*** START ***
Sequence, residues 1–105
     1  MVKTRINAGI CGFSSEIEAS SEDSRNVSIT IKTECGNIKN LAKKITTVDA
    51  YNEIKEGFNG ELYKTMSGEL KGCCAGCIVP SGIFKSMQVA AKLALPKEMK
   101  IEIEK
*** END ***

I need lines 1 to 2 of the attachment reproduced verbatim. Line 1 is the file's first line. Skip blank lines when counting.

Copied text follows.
Sequence, residues 1–105
     1  MVKTRINAGI CGFSSEIEAS SEDSRNVSIT IKTECGNIKN LAKKITTVDA